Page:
Jason: I went pretty much on what we would now call like a Whole 30 diet. So I avoided all gluten. As the proliferation of all the gluten free products, you know, came about. I ate a lot of gluten free products. Well, you know, they’re loaded with sugar, a lot of them are, you know, sugar is gluten free, you know, but if you eat an entire bag of gluten free cookies, you know, even though you may not get hives or inflammation, your pancreas and your kidneys are going to be in overdrive. Right? And I went to my annual and had blood work done and you know, my A1C was 5.8, you know, and diabetes is 6.0 and above. So I was essentially prediabetic. So at that point I pretty much went Paleo. I was pretty strict in terms of adherence to an autoimmune protocol diet. But I stayed, I stayed away from dairy, which is crazy. And you know, from there, you know, at the time I was a smoker, so like, around 2012, 2013, I quit smoking. I’ve never been a morning person. I really focused on sleep and hydration and so basically just really simple stuff, you know, clean eating. And so that’s, you know, that’s my regimen now, you know, and I’m, I’m a less so now, but in the period from like 2013 to about I guess early part of last year, you know, I would regularly walk 20,000 steps and I played basketball, you know, three times weekly. I would walk at least 18 holes once a week and I would swim regularly. And then I would do yoga, meditation, and Applied Functional Science.

Bryan: What happens today when an accident happens maybe at a restaurant, something that you think was prepared gluten free and turns out it wasn’t, or was cross-contaminated? If it was me, I would go to a party and it’s like, “Oh, those meatballs look delicious!” and I just want to have some of those. You know, it’s bound to happen. How long does that throw you for a loop now in terms of your health and how do you get back on track?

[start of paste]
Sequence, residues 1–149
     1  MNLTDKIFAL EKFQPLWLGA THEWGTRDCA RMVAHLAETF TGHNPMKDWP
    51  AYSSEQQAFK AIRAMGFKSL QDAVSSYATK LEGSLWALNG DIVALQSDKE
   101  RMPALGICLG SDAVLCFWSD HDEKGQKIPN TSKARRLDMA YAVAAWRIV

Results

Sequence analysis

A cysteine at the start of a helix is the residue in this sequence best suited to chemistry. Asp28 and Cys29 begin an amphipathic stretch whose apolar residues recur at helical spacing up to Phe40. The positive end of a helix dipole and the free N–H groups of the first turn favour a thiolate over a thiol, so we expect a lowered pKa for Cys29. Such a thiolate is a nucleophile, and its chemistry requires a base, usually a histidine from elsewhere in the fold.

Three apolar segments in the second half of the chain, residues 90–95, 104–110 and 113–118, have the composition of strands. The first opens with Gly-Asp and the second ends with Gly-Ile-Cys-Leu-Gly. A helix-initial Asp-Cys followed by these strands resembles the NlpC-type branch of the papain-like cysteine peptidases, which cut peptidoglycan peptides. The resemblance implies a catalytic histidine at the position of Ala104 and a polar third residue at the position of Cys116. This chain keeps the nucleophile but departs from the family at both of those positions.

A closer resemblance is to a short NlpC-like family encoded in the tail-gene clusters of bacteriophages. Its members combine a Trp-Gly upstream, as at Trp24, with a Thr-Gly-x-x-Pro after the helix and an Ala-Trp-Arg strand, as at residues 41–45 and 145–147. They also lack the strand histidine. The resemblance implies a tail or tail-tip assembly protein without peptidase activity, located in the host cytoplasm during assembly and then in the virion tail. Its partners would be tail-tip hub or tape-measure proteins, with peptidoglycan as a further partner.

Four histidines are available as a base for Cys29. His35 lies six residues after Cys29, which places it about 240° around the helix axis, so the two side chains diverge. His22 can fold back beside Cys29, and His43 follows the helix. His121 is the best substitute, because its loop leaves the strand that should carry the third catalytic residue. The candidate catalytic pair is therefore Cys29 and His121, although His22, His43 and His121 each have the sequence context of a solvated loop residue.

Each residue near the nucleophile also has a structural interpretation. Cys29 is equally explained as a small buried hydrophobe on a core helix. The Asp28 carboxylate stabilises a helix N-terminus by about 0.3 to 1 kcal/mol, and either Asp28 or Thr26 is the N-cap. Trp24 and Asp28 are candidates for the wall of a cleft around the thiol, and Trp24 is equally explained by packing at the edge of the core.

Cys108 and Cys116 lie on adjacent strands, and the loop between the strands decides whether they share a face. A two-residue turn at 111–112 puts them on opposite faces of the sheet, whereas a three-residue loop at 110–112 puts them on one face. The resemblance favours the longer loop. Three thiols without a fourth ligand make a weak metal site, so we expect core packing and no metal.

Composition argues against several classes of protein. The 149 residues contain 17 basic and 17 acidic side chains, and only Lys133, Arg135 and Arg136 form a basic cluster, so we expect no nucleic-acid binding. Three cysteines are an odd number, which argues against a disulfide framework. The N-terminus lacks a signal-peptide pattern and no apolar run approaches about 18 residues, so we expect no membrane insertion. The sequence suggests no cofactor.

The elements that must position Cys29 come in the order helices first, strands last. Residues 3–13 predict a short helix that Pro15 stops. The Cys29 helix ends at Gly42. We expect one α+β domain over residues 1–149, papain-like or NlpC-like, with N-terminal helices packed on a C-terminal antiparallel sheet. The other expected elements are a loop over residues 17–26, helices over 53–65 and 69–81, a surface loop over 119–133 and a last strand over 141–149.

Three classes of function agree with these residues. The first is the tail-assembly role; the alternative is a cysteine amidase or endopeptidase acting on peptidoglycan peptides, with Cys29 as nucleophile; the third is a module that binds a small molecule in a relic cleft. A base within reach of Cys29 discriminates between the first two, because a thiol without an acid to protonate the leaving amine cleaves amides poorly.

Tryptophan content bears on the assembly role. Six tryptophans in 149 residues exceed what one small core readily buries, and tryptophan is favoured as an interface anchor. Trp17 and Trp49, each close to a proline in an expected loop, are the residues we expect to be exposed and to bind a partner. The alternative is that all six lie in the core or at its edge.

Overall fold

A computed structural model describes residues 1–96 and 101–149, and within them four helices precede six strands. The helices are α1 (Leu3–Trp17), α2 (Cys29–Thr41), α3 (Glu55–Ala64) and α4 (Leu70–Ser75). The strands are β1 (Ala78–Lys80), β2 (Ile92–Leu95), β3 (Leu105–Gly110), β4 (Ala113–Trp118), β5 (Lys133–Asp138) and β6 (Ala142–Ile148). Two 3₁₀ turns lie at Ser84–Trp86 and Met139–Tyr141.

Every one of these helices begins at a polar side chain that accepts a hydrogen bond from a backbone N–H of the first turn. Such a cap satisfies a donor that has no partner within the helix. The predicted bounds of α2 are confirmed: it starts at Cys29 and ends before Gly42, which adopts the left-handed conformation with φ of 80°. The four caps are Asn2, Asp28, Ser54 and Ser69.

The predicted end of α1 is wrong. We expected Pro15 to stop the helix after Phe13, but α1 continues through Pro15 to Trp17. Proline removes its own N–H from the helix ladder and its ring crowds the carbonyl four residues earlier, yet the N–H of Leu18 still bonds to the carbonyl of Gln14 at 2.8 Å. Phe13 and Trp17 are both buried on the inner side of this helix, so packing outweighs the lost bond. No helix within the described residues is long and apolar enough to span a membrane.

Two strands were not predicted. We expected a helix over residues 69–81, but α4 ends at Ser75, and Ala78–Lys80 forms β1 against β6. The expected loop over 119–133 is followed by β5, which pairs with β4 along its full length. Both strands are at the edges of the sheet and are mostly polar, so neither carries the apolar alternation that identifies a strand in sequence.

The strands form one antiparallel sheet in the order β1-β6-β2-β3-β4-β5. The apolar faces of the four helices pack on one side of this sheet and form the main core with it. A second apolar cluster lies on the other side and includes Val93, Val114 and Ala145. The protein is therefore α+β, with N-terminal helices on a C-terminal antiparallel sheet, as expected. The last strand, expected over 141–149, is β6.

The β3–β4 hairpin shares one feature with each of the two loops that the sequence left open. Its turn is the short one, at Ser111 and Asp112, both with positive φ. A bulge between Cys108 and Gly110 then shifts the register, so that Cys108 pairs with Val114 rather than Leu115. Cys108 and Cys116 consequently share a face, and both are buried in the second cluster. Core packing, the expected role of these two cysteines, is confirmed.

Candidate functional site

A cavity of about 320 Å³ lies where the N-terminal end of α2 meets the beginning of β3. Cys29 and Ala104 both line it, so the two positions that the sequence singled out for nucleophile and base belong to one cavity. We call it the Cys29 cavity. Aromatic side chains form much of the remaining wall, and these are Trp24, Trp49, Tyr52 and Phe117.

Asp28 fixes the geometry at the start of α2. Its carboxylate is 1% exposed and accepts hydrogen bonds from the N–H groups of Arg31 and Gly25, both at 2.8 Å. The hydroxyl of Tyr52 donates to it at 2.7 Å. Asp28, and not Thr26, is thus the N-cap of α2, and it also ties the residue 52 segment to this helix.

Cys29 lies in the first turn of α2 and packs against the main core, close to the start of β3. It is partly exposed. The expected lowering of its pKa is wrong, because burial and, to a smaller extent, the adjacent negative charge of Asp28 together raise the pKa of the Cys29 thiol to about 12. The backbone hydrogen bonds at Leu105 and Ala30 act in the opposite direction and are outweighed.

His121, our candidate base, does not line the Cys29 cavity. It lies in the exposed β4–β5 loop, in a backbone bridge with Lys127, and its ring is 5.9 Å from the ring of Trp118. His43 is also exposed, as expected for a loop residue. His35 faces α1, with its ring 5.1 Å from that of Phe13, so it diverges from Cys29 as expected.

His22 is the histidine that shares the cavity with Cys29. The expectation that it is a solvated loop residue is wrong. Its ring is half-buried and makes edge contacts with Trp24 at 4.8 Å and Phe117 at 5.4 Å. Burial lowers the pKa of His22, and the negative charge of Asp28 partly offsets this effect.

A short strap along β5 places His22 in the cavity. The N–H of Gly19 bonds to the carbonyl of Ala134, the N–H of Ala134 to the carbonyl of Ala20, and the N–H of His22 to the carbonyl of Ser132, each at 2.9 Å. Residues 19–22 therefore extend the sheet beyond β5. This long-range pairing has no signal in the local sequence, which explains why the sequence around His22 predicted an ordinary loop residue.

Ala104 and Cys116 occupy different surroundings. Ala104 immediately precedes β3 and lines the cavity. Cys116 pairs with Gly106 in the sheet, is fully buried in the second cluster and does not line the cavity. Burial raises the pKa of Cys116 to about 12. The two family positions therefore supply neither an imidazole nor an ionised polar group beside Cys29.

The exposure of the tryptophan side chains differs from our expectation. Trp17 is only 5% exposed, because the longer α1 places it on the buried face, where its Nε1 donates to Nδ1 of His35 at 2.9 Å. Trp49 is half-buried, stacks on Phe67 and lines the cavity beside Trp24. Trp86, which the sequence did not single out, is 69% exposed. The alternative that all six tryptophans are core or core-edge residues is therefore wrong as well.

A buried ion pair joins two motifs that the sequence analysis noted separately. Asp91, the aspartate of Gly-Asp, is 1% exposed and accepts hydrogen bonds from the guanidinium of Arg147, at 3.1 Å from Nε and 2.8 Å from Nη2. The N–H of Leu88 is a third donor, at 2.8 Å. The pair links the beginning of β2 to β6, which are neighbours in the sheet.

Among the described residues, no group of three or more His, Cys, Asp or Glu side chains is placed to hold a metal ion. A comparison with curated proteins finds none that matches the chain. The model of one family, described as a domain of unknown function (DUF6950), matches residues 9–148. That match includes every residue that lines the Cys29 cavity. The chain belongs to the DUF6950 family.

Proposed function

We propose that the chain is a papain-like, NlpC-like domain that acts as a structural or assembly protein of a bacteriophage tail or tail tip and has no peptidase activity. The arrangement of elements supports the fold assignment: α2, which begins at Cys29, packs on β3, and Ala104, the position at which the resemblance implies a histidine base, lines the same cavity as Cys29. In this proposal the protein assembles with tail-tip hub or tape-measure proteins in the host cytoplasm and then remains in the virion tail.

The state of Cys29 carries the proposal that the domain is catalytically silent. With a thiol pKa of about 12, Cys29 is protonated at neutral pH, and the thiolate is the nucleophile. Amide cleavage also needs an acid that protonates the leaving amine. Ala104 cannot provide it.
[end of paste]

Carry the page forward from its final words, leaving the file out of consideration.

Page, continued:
Jason: I’d say about twice a year thing now and usually it exhibits itself as at least the early onset is there’s kind of like weird tingling. The best way I can describe it and that’s basically from, from my mouth to my ass. It’s like this, this weird tingling. I’ll get itchy and then there’s the brain fog and I get really tired. Like I just want to go sleep. You know the best thing to do is, you know, one thing that they tell you is that you don’t want to necessarily cut all this stuff out immediately after a diagnosis because your reaction to it can become even that much more severe. But basically just kind of shut it down for like half a day. I say shut it down like I drink water, but you know, I would say since about 2013 or 2014. I haven’t really had a problem. But again, it’s like your entire life changes and your motivation is that once you start to feel better and once you have that data to backup the fact that what you’re feeling is attributable to X, Y, or Z, you know, that you never want to go back to feeling like that. I mean I can vividly remember how I felt. Cynthia went to Europe in almost the worst of it and she felt like she almost didn’t want to go, and I’d been diagnosed, and I was eating and like literally while she was out of town I got hives again, even though I was doing all the right things and like, I kinda just want to kill myself. Like I feel terrible. But in terms of now, in that feeling, when you, when you do that, the place and time, that’s a big motivator. One other thing that’s really interesting about this, autoimmune, I think the ratio is it affects women four to one [compared] to men. So like as a guy, you know, especially in this zeitgeist okay, where, you know, it’s not exactly male friendly when you reach out to somebody, most of the people you’re reaching out to are women and, and you’re a guy and it’s very rare, whatever you’re going through whether you’re a man or a woman. And then if you’re a guy that’s going through it, wow, that’s, I mean, that’s super rare territory. And most of the resources, you know, all of the bloggers are women. You’re not going to come across a male autoimmune blogger. I mean maybe I’m the first or something. That can be emasculating, you know, like the way that you feel. So all of these things for me is motivating. And then also, you know, when doctors would say, hey, you’re not gonna be able to do this, or they say like, you’re, you’re never going to be, you know, that’s also pretty motivating. So that’s kind of my perspective and then I, I just stay on the plan.